Costa Rica is located north of Panama in Central America. Numerous international flights arrive to Costa Rica everyday from all over the world, and from many different airlines (America Airline, Taca, Copa, US Airways, Continental Airlines, Cubana, Delta, Iberia and Mexicana, among others). It is 2.5 hours by air from Miami, 7 hours from Los Angeles, and 11 hours from London (depending on the flight stops).

The country has two international airports fully functional. The first and most important one is the Juan Santamaria International Airport, located in the province of Alajuela, around 25 minutes from San Jose downtown. There are very hotels close by the international airport; however, the airport is not too far away from the capital.

The second international airport is called Daniel Odubert International Airport, located in the city of Liberia, in the province of Guanacaste. It is a great airport to arrive to if you plans to stay in the beaches of Guanacaste. The size of the country allows tourist to visit other destinies by land, such as Nicaragua and Panama. The island of San Andrés (Colombia) could be visited through a short flight from the Juan Santamaria International Airport. There is also a main national airport in the Capital city named Tobias Bolaños Airport, which connects domestic flights to most places in Costa Rica and their local airports.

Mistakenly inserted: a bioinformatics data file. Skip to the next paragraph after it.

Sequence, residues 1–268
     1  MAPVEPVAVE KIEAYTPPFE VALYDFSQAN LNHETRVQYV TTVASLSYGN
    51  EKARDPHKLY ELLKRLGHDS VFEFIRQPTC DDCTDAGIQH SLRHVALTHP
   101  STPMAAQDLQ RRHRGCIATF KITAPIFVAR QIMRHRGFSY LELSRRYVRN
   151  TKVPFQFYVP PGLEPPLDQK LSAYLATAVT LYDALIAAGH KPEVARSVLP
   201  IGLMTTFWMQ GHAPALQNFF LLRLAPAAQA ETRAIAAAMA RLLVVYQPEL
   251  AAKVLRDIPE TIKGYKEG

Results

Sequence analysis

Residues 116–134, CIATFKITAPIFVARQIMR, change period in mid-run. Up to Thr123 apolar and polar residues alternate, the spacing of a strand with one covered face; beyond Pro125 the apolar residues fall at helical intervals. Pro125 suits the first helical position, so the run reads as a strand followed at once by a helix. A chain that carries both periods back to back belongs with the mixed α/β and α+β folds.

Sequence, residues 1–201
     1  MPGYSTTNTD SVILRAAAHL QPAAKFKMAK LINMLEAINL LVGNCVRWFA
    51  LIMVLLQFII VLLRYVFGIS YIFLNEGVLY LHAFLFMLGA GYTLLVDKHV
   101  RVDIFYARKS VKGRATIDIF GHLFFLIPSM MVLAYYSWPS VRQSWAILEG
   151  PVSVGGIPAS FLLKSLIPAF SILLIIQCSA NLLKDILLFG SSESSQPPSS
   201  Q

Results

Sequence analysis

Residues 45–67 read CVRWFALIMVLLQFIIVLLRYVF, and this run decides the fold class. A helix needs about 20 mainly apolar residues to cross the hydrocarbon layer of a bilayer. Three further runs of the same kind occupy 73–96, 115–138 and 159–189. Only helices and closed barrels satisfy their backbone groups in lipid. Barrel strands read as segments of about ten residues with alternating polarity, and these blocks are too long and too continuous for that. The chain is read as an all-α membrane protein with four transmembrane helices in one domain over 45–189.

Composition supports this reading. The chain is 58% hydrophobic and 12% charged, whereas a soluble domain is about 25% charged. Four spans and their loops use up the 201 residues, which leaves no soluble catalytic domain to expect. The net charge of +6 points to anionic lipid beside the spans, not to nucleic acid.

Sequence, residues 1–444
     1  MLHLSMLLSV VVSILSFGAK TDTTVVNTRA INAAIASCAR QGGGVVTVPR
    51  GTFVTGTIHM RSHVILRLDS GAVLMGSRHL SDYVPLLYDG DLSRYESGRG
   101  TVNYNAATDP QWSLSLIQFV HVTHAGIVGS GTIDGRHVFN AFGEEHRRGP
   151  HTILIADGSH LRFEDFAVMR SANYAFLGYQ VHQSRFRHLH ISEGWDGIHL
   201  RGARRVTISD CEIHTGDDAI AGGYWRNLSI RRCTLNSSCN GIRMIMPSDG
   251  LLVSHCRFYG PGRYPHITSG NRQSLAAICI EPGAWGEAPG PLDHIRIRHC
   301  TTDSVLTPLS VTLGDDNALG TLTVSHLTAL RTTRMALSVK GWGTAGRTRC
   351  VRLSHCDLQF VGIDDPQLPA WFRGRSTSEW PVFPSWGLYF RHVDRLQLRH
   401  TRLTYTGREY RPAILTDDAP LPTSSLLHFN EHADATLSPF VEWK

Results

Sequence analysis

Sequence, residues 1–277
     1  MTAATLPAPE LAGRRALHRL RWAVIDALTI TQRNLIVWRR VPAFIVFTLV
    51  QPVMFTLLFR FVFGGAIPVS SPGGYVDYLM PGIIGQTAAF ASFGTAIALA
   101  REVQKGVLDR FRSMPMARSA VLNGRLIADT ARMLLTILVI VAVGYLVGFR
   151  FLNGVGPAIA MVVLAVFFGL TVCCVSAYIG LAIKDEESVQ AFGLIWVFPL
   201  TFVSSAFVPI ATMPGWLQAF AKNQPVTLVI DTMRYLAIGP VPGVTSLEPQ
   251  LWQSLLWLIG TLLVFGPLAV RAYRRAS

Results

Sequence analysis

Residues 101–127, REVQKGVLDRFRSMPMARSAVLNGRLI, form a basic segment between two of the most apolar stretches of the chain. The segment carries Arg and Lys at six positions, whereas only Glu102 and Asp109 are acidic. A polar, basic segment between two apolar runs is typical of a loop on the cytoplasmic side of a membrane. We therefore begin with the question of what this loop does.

Banana Adventure Tours is able to offer you the best flight rates available in the market. Please make sure you look our flight reservation engine (located in the Home page just next to About Banana Adventure tours), to check prices and buy your airplane ticket to Costa Rica.

Costa Rica is also a cruise port for both, Caribbean Cruises (Limon) and Pacific Ocean Cruises (Puntarenas). Many tourist visit the country through the many cruises that dock in Costa Rica, and have even time to visit the most touristic places located close by. Whether you are coming by air, by road or by se, we can help you plan your trip in Costa Rica.


For any inquiry please write an e-mail to our address This email address is being protected from spambots. You need JavaScript enabled to view it., and we will respond no later than 24 hours later.


Costa Rica essential


 Written by Caro Goodfellow
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Climate, Conditions, Snakes, and Creepy-Crawlies